Caribbean politicians generally suffer less scrutiny in their private lives by the mainstream media. However, with the advent of social media, that scrutiny seems to take place on those platforms that offer less chance of legal repercussions once brought out in the open. It seems, however, that despite such revelations oft-times Caribbean people do not take such “revelations” seriously, and only when it affects the public life then would it matter.
The Panama Papers, as they are called, have created quite a stir around the globe. The Panama Papers are a set of 11.5 million leaked confidential documents covering nearly 40 years that provide detailed information about more than 214,000 offshore companies across the world, including in the Caribbean, listed by Panamanian law firm Mossack Fonseca.
The International Consortium of Investigative Journalists has published stories on the leaked documents, showing how some wealthy individuals, including public officials, have hidden their money to avoid paying taxes. These papers unveil the offshore holdings of 140 politicians and officials, including 12 current and former monarchs, presidents and prime ministers.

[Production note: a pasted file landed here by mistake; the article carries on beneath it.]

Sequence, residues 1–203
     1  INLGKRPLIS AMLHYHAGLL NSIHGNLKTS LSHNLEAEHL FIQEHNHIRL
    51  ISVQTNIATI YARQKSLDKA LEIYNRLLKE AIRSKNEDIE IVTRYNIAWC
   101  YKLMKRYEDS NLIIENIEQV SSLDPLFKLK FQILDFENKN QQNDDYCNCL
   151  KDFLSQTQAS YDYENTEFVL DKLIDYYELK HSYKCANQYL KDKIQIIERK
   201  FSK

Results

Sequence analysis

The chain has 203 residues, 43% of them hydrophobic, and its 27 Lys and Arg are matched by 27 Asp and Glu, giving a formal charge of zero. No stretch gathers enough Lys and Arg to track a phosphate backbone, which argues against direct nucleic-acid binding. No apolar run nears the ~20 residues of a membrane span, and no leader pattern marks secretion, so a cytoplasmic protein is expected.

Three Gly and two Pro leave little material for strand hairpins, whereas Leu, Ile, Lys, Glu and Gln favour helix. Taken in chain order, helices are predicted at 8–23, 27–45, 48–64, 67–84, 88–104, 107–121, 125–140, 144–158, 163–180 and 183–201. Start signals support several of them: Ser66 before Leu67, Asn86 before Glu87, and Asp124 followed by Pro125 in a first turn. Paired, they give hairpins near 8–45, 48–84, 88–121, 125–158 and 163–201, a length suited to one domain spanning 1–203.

As Sir Ronald Sanders pointed out in Barbados TODAY of April 8, “. . . there has been no evidence of direct connection by companies and bank accounts by these people. Neither has there been any evidence of illegal behaviour or wrongdoing specifically by them. Some media are feeding a frenzy because mentioning well-known names helps to create and sustain a story that suggests impropriety”.
Sir Ronald further states: “From all that has emerged so far, it seems many of the persons who have been identified in the Panama Papers were not evading tax or laundering money. The majority appeared to have been planning their taxes, including by use of legitimate vehicles for the avoiding the payment of tax. Tax avoidance is not illegal. Tax evasion is. But, increasingly, there is a tendency to blur the two by those who advocate against low-tax or no-tax jurisdictions, claiming there are ‘tax havens’.”
And, it is this “blur” through the Panama Papers scandal that has serious implications for the Caribbean in its thrust to become attractive to offshore companies.
The 15-nation Caribbean Community is fighting the perception of the region as a tax haven, following this leak. In a statement, CARICOM said the financial industry regulations in the region fully complied with international standards.
“As more disclosures unfold, with respect to the leak of these financial records, CARICOM urges caution by those making the leap towards moral indignation and the unjust labelling of the financial services centres in the Community . . . .”